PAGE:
Although many of last week’s birds remained in place, a sprinkling of migrants was evident – not least of which was a herd of fifteen Bewick’s Swans that arrived at Summer Leys LNR on 6th, sparking a mini-twitch before their departure to the east an hour or so after first light the following morning.

Although it’s tempting to believe these birds were from Slimbridge, the Wildfowl and Wetlands Trust have confirmed they do not recognise them and they did not winter there. The UK winter population of Bewick’s decreased by 88% between 1993/94 and 2018/19 (BTO) and, as such, this species is Red-listed nationally in the UK Birds of Conservation Concern. This figure is reflected in Northamptonshire’s records which, since the turn of the century, now average only 3 per annum. There was none in 2022.

Other wildfowl were available, of course, their ‘wildness’ open to debate in some cases. Falling squarely into the latter category, a Barnacle Goose joined Canadas at Upton CP on 8th, while the Pink-footed Goose remained with Greylags at Wicksteed Park, Kettering until at least 9th.

Back at Summer Leys, the female Red-crested Pochard was still present on 5th, after which a drake was found adjacent to the reserve, at Earls Barton GP’s Mary’s Lake, on the last day of the period. Also remaining in situ were the female Ring-necked Duck and the female Greater Scaup at Ravensthorpe Res, until 10th and 6th, respectively. In the Nene Valley, the drake Greater Scaup also saw the week out at Billing GP.

Waders on offer were at a premium with the first Black-tailed Godwit of the year dropping in briefly to Summer Leys on 7th and the week’s only Jack Snipe was found at Stortons GP on 8th.

Gulls, too, were somewhat thin on the ground. An adult Mediterranean Gull joined the roost at Stanford Res on 6th and 7th and the number of Caspian Gulls was also rather diminished with a third-winter at DIRFT 3 on 5th and an adult at Hollowell Res on 6th, followed by three adults there the next day. At Pitsford Res, the wintering adult Yellow-legged Gull remained all week.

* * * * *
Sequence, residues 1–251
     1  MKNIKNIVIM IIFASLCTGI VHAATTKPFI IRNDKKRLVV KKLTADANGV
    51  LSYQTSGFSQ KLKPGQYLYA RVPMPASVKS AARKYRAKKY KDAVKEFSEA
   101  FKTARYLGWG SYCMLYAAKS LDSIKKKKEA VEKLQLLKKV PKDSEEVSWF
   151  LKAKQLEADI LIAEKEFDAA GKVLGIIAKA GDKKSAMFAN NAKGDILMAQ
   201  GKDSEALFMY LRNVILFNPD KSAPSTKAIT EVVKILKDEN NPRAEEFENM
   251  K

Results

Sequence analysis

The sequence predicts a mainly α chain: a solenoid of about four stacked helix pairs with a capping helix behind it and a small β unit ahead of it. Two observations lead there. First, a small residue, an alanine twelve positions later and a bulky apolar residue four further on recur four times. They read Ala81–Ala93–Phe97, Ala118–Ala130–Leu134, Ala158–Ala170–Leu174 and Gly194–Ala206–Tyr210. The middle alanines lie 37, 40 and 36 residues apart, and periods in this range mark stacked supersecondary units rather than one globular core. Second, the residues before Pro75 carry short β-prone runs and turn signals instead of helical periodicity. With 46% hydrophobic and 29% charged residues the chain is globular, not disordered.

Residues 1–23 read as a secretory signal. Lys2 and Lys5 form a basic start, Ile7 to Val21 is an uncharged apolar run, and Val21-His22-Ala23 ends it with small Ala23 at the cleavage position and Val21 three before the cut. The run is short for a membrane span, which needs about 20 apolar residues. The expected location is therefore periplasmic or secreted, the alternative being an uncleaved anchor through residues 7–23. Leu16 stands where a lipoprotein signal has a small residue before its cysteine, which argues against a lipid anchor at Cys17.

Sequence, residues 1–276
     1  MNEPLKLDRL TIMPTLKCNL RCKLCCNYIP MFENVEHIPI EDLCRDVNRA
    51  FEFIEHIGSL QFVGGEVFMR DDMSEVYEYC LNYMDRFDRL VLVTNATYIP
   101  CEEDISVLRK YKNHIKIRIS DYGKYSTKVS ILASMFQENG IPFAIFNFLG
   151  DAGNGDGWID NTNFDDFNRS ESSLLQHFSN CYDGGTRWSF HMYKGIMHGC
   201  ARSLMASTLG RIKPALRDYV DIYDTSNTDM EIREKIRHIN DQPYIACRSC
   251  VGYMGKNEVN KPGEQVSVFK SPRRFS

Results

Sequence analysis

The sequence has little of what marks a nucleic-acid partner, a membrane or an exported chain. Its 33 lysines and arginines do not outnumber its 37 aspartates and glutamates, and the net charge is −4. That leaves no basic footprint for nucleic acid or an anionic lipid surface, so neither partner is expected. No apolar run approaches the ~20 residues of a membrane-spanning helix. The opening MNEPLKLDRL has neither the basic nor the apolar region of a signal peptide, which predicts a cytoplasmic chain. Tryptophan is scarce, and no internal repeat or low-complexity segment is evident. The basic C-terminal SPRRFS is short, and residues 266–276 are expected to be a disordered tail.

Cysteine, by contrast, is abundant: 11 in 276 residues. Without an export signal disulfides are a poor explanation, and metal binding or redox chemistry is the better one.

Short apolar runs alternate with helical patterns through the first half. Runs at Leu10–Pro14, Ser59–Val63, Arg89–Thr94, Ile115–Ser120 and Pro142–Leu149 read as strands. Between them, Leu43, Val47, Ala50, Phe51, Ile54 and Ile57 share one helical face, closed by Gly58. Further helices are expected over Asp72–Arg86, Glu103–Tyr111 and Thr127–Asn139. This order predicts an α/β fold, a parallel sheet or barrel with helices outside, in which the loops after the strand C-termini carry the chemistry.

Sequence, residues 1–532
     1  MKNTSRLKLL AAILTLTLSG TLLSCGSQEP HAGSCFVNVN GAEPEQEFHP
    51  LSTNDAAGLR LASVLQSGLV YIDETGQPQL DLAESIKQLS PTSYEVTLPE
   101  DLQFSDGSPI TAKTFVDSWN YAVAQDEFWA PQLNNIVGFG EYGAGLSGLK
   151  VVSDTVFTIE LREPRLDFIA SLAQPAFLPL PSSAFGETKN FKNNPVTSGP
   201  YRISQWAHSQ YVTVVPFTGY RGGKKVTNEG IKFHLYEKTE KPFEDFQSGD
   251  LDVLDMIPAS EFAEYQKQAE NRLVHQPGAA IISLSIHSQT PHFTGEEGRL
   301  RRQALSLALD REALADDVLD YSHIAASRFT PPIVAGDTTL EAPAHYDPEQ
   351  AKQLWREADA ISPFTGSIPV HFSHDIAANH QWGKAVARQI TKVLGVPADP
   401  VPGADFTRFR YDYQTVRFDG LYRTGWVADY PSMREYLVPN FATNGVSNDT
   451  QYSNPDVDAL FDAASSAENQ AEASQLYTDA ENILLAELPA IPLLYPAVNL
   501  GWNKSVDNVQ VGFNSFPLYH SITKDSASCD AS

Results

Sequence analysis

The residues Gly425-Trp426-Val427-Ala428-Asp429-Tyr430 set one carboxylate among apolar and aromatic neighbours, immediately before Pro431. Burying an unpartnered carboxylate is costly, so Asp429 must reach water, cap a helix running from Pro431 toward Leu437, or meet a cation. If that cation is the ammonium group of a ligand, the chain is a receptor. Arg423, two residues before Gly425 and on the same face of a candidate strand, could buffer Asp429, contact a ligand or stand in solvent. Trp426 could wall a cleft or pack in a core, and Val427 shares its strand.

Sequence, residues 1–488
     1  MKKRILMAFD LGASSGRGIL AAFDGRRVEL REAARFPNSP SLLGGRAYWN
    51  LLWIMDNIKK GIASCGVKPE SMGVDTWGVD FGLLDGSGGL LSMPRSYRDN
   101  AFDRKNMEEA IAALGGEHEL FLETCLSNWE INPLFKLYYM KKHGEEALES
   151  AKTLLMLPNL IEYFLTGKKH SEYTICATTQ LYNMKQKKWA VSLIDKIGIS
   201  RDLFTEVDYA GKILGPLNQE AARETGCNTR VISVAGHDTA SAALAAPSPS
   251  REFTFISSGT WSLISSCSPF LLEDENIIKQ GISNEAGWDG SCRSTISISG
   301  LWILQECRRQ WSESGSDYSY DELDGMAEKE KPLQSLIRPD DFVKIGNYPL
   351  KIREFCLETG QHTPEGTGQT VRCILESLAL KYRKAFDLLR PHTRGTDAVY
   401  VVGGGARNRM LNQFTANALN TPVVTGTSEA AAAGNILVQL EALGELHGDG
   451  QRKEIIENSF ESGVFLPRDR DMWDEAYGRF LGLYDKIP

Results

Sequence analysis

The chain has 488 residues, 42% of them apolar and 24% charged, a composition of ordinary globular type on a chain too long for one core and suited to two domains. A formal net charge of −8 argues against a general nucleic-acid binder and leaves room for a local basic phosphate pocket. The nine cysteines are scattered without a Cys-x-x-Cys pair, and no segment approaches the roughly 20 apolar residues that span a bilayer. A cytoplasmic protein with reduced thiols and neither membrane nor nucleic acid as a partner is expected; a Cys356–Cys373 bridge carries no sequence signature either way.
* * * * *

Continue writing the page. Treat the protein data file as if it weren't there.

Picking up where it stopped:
Also in short supply – perhaps understandably – were passerines, which were propped up on the rarity front by the continuing presence of Siberian Chiffchaffs along the outflow stream at Ecton SF. Two were seen on 7th and at least one remained on 10th.

There was also some movement of Stonechats during the week. Stanford held one at the beginning of the period and a further two arrived there near the week’s end. Elsewhere, Earls Barton GP’s New Workings (South) held at least 6 on 7th, Sywell CP produced four – possibly six – on 9th, four were at Hollowell on 6th-7th, two were at Earls Barton Lock on 10th and one at Hartwell on 7th.


Newsround – 25th February to 3rd March 2023

With the wind primarily from the north-east and, although the movement of some species was clearly evident, there was not even a sniff of any long-awaited and much anticipated spring migrants this week. Still, having now stepped into meteorological spring, there is much to look forward to and, with just about everything still in place from the week before, plenty to look back on and revisit.